In the 24-week monotherapy trial comparing metformin hydrochloride extended-release tablets to immediate-release metformin, serious adverse reactions were reported in 3.6% (19/528) of the metformin hydrochloride extended-release tablets-treated patients compared to 2.9% (5/174) of the patients treated with immediate-release metformin. In the add-on to sulfonylurea study, patients receiving background glyburide therapy were randomized to receive add-on treatment of either one of three different regimens of metformin hydrochloride extended-release tablets or placebo. In total, 431 patients received metformin hydrochloride extended-release tablets and glyburide and 144 patients received placebo and glyburide. A serious adverse reaction was reported in 2.1% (9/431) of the metformin hydrochloride extended-release tablets and glyburide-treated patients compared to 1.4% (2/144) of the placebo and glyburide-treated patients. When the data from the monotherapy and add-on to sulfonylurea clinical trials were combined, the most frequently (incidence greater than or equal to 0.5 %) reported serious adverse reactions classified by system organ class were gastrointestinal disorders (1.0% of metformin hydrochloride extended-release tablets-treated patients compared to 0% of patients not treated with metformin hydrochloride extended-release tablets) and cardiac disorders (0.4% of metformin hydrochloride extended-release tablets-treated patients compared to 0.5% of patients not treated with metformin hydrochloride extended-release tablets). Only 2 serious adverse reactions (unstable angina [n=2] and pancreatitis [n=2]) were reported in more than one metformin hydrochloride extended-release tablets-treated patient.

Adverse reactions reported in greater than 5% of patients treated with metformin hydrochloride extended-release tablets that were more common in the combined metformin hydrochloride extended-release tablets and glyburide group than in the placebo and glyburide group are shown in Table 1.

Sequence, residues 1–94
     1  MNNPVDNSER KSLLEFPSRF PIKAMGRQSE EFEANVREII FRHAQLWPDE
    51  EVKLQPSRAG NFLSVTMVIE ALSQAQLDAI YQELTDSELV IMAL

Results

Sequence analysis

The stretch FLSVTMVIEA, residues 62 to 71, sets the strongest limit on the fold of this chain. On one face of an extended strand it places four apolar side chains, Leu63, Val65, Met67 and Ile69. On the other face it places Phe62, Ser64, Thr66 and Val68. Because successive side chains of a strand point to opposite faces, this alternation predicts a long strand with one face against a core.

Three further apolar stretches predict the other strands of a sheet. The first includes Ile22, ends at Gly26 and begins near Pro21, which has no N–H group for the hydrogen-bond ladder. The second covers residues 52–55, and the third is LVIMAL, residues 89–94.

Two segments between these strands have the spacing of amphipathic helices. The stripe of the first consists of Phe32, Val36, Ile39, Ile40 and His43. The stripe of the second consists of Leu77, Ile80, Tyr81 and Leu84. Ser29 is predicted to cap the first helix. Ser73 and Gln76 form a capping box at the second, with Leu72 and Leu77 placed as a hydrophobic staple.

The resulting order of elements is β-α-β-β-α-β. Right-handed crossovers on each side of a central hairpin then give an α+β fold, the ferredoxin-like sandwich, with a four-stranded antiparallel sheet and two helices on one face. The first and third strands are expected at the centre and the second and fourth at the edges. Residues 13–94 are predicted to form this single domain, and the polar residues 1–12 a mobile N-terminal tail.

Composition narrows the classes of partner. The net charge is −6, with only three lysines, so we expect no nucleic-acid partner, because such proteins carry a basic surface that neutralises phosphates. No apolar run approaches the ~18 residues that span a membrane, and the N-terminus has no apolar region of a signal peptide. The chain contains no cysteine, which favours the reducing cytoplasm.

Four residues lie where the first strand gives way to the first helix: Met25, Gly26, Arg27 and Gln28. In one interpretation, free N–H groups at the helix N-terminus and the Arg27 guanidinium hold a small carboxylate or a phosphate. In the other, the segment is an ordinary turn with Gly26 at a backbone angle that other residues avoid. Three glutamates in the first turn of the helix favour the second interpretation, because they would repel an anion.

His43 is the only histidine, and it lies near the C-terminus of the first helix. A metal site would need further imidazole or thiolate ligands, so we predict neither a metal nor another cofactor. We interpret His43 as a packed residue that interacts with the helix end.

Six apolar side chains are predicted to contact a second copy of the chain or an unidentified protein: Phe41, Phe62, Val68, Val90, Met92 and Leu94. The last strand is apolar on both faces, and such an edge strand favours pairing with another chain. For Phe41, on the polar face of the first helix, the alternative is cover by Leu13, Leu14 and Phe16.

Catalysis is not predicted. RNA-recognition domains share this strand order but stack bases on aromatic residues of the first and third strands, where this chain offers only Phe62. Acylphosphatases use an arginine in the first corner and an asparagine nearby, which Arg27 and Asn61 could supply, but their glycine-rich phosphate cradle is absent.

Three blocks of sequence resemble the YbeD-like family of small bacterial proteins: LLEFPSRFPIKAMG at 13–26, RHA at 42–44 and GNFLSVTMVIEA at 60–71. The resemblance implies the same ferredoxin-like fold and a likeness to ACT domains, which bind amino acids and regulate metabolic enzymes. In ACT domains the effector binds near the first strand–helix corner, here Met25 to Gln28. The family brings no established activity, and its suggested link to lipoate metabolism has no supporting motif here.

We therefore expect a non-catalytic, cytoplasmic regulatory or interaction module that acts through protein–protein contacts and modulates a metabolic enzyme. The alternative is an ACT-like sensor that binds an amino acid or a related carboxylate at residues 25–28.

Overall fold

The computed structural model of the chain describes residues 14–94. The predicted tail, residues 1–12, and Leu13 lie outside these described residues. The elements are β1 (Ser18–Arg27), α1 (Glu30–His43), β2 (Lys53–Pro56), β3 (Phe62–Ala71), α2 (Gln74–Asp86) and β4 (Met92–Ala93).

In 0.7% of patients treated with metformin hydrochloride extended-release tablets and glyburide, diarrhea was responsible for discontinuation of study medication compared to no patients in the placebo and glyburide group.

Table 1: Treatment-Emergent Adverse Reactions Reported By Greater Than 5%* of Patients for the Combined Metformin Hydrochloride Extended-Release Tablets Groups Versus Placebo Group

Adverse
Reaction

Metformin
Hydrochloride
Extended-Release
Tablets + Glyburide
(n = 431)

Placebo + Glyburide
(n = 144)

Hypoglycemia

13.7%

4.9%

Diarrhea

12.5%

5.6%

Nausea

6.7%

4.2%

* ARs that were more common in the metformin hydrochloride extended-release tablets-treated than in the placebo-treated patients.

Laboratory Tests
Vitamin B12 concentrations
Metformin may lower serum vitamin B12 concentrations. Measurement of hematologic parameters on an annual basis is advised in patients on metformin hydrochloride extended-release tablets and any apparent abnormalities should be appropriately investigated and managed. [See Warnings and Precautions (5.2)]

Postmarketing Experience

The following adverse reactions have been identified during post-approval use. Because these reactions are reported voluntarily from a population of uncertain size, it is generally not possible to reliably estimate their frequency or establish a causal relationship to drug exposure.

Cholestatic, hepatocellular, and mixed hepatocellular liver injury

Drug Interactions

Carbonic Anhydrase Inhibitors

Topiramate or other carbonic anhydrase inhibitors (e.g., zonisamide, acetazolamide or dichlorphenamide) frequently cause a decrease in serum bicarbonate and induce non-anion gap, hyperchloremic metabolic acidosis. Concomitant use of these drugs with metformin hydrochloride extended-release tablets may increase the risk for lactic acidosis. Consider more frequent monitoring of these patients.